As we witness the evolution of the regulatory landscape across the MENA region, it was timely for us to investigate and lift the lid, on what is keeping the region’s legal decision-makers awake at night.
Our first-of-its-kind report titled Legal Leaders in MENA is out now! It captures the views of 700 legal decision-makers across nine countries and 13 industry sectors in MENA, as well as in-depth interviews with experts from key sectors such as financial services and education to name a few, which revealed the emerging risks and priorities challenging the legal sector across the region.
Read the full report and share your feedback with us at email@example.com.Read the full report
As Saudi Arabia is an Islamic state, its judicial system is based on Islamic law (‘Shari’ah’) for criminal, civil and commercial matters. Although Islamic laws encompass all aspects of life, some have opined that the judicial and legal systems are not ready for the world of modern and international commerce.
In 2007, the Saudi government announced a set of support packages for the judicial system and a series of legal reforms, and among these reforms is the passing of the Commercial Maritime law issued by way of Cabinet Resolution No. 197 of 1440H – Royal Decree (M/33) of 1440H in 2019 (the ‘Maritime Law’).
The Maritime Law is wide-ranging and covers effectively all possible aspects of the industry that requires regulation, including maritime debts and the rights of arrest. As a result, a claimant’s rights to arrest vessels to secure its maritime debt is now guaranteed by law, thereby providing companies trading in Saudi Arabia with more confidence to continue operations. A vessel arrest is effected by way of an Arrest Warrant, which is granted by the Court no more than three days from the date of application. Further, an Arrest Warrant can be served upon any sister ship of the errant or wrongful ship. Sister ships under the Maritime Law, are defined as ships sharing the same registered owner.
The term “Maritime Debt” is defined in Article 75 of the Maritime law, which stipulates that a debt is a” maritime” debt if it arises out of one or more of the following:
The definition of a Maritime Debt in Article 75 of the Maritime Law is exhaustive. Therefore, it is not possible to obtain an Arrest Warrant for debts of any other nature, and the competent court will not grant the Arrest Warrant if the debt claimed is not one of those listed in Article 75 of the Maritime Law.
Besides satisfying the definition of a “Maritime Debt”. it is important that claimants possess supporting documents that will convince the court of the grounds on which to arrest the vessel, together with proof that the debtor has little or no intention of settling the debt.
Therefore, once a claimant has satisfied the criteria of a Maritime Debt and has the relevant supporting documents, the claimant will be in a position to seek the Arrest Warrant from the Court.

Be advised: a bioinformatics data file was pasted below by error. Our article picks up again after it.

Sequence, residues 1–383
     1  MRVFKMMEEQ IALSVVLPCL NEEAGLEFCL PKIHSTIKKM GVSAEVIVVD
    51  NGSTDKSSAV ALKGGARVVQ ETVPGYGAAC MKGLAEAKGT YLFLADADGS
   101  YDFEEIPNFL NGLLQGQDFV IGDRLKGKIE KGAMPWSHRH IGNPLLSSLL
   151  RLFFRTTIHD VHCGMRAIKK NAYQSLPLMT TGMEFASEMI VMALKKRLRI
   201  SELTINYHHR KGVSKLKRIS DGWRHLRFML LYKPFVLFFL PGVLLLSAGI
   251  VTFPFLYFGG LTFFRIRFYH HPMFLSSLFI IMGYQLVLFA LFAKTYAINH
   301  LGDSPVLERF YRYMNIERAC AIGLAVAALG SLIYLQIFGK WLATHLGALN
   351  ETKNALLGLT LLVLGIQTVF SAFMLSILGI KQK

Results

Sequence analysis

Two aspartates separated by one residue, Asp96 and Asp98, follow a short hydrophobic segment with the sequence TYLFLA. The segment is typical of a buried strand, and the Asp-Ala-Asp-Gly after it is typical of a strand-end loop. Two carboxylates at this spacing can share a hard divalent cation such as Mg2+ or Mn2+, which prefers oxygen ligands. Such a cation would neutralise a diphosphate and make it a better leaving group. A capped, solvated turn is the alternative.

It is important to note that the commercial court has jurisdiction over all the maritime activities except for maritime labour contracts, pursuant to Article 2 of the Saudi Commercial Law which states that:
“The commercial activities include the following:
E- Any action related to establishment, repair, sale, or purchase of the commercial and sailing vessels inside and outside. The commercial activities include also rental, lease, sale, and purchase of the equipment, instruments, and gears used on the board of such vessels, in addition to the wages of the workers, the salaries of the crew, and servants. That’s to be added to any lending or borrowing action or shipment carried out on the vessel or as well as all related guarantee contracts and all contracts related to the other matters of maritime trade.”
The claimant seeking an Arrest Warrant is required to file the arrest application through the Court’s online portal, and the Court is required, by law, to respond within three days from the date of the application, without the need to give reasons for its decision. There are two possible outcomes:
The Court hearing the vessel arrest application has the discretionary power to either accept or reject the vessel arrest application. However, if the Court orders a vessel to be arrested, the vessel will subsequently be detained by the port authority, and will be unable to leave Saudi territorial waters unless the Court orders the arrest to be lifted, which is achieved in one of the following ways:
The judge, considering the ship arrest application, has the right to accept or reject the application without giving his reasons. Therefore, it is paramount for any ship arrest application to be supported with sufficient documentary evidence, which should be the original copies. Further, it is recommended that the claimant complete the execution and legalisation of its power of attorney prior to the vessel entering the Saudi territorial waters, as formalization of the power of attorney may be time consuming.
For any information please contact Ahmed Hashem (firstname.lastname@example.org)